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|Daniel A. Anderson / University Communications|
Chemist V. Ara Apkarian and colleagues will attempt to be the first ever to record time-lapse images of single molecules. His team was awarded $20 million from the National Science Foundation toward this goal.
With $20 million over five years from the National Science Foundation, UC Irvine scientists hope to become the first ever to make real-time videos of single molecules in action - a feat that has proved elusive because size and time scales are so small.
Success for UCI's Chemistry at the Space-Time Limit, one of three NSF Centers for Chemical Innovation, would greatly accelerate the pace of nanoscience, which is driving the miniaturization of technologies ranging from computers to radios to satellites.
"If you can see a single molecule in action, then you can intervene, control and direct what it does," says UCI chemist V. Ara Apkarian, center director. "UCI is ahead of the curve. We're starting to image the motion of molecules, and we've developed methods that sense motion on length scales smaller than the nucleus of an atom."
A video-capture rate of 1 million billion frames per second (about 30 frames per second is the standard TV video rate) is required for molecules, and each frame must be taken with magnification 10,000 times higher than the best existing optical microscope. UCI researchers are building instruments capable of this.
Scientists believe observing individual molecule behavior will demystify important aspects of chemistry. Out of billions of molecules the same shape and size, only particular ones will ignite a desired reaction. For example, certain gold particles catalyze the conversion of carbon monoxide to carbon dioxide, but which ones and how remain subjects of debate. Knowing this would enable chemists to design and manufacture more efficient, environmentally friendly catalysts.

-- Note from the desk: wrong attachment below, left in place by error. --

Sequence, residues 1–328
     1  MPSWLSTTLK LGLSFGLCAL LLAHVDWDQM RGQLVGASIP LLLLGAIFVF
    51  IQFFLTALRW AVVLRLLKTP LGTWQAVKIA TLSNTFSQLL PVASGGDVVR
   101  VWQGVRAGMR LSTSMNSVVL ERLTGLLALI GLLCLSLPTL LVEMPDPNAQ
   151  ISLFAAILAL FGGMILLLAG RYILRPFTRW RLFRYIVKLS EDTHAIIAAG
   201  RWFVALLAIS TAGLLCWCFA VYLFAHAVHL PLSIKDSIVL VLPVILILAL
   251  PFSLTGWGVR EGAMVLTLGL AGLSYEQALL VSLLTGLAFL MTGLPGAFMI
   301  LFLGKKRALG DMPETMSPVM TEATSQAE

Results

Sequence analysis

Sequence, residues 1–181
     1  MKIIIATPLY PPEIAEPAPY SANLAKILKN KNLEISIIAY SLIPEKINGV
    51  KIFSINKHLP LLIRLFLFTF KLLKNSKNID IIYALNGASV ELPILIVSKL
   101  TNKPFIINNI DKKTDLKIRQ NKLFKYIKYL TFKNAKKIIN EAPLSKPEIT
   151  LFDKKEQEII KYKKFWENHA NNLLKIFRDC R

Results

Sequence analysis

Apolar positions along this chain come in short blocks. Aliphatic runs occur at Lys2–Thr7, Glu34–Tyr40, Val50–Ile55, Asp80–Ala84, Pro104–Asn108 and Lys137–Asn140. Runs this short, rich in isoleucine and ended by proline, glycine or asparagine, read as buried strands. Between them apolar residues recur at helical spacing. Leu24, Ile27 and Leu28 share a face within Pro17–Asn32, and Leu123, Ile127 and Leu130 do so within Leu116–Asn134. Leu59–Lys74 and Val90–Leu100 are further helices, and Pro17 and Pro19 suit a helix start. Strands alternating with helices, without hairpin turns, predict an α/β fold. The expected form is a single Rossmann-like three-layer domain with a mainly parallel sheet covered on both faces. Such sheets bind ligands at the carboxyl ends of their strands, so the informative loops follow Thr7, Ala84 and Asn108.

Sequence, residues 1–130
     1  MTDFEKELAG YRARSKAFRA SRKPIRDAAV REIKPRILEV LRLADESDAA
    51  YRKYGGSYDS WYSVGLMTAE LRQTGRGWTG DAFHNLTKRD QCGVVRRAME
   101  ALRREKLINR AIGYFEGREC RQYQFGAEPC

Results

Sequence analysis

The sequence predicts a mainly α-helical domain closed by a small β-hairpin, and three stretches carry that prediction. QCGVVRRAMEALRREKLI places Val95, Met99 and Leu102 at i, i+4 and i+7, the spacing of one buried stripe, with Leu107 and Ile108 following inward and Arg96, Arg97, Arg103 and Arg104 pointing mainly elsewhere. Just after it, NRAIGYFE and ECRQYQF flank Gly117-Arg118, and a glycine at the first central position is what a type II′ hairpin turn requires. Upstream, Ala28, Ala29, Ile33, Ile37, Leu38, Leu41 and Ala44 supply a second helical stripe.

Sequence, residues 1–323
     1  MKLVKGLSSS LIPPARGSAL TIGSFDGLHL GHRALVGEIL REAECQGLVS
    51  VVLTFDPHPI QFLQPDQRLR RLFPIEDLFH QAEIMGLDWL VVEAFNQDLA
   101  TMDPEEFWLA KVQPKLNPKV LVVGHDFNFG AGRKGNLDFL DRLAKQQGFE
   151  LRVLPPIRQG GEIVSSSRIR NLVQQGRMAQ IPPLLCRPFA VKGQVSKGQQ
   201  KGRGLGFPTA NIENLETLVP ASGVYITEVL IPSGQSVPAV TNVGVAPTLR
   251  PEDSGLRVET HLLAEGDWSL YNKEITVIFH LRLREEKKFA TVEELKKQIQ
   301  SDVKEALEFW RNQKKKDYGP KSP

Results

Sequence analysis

"In many cases, the ensemble is not important, but the individual is," Apkarian says. "This also happens in real life. In a group of people, one person's action may determine the course of the whole. If we only look at average behavior, we will miss how an outlier controls the fate of everyone involved."
Single-molecule devices such as transistors, radios and chemical sensors are currently being developed, and the industry is growing.
"This is engineering at the ultimate atomistic limit," Apkarian says. "There's no question the tools that enable the observation and manipulation of one molecule at a time will be the pillars on which the field of nanotechnology will be built."
The Chemistry at the Space-Time Limit center hopes to make available online eventual videos of small-scale chemistry and is planning an outreach program with the Discovery Science Center in Santa Ana, Calif.
In addition to Apkarian, UCI faculty members Wilson Ho, Philip Collins, Eric Potma, Nien-Hui Ge, Douglas Mills and Filipp Furche belong to the center, along with Guillermo Bazan of UC Santa Barbara and Richard Van Duyne of Northwestern University.
— Jennifer Fitzenberger, University Communications
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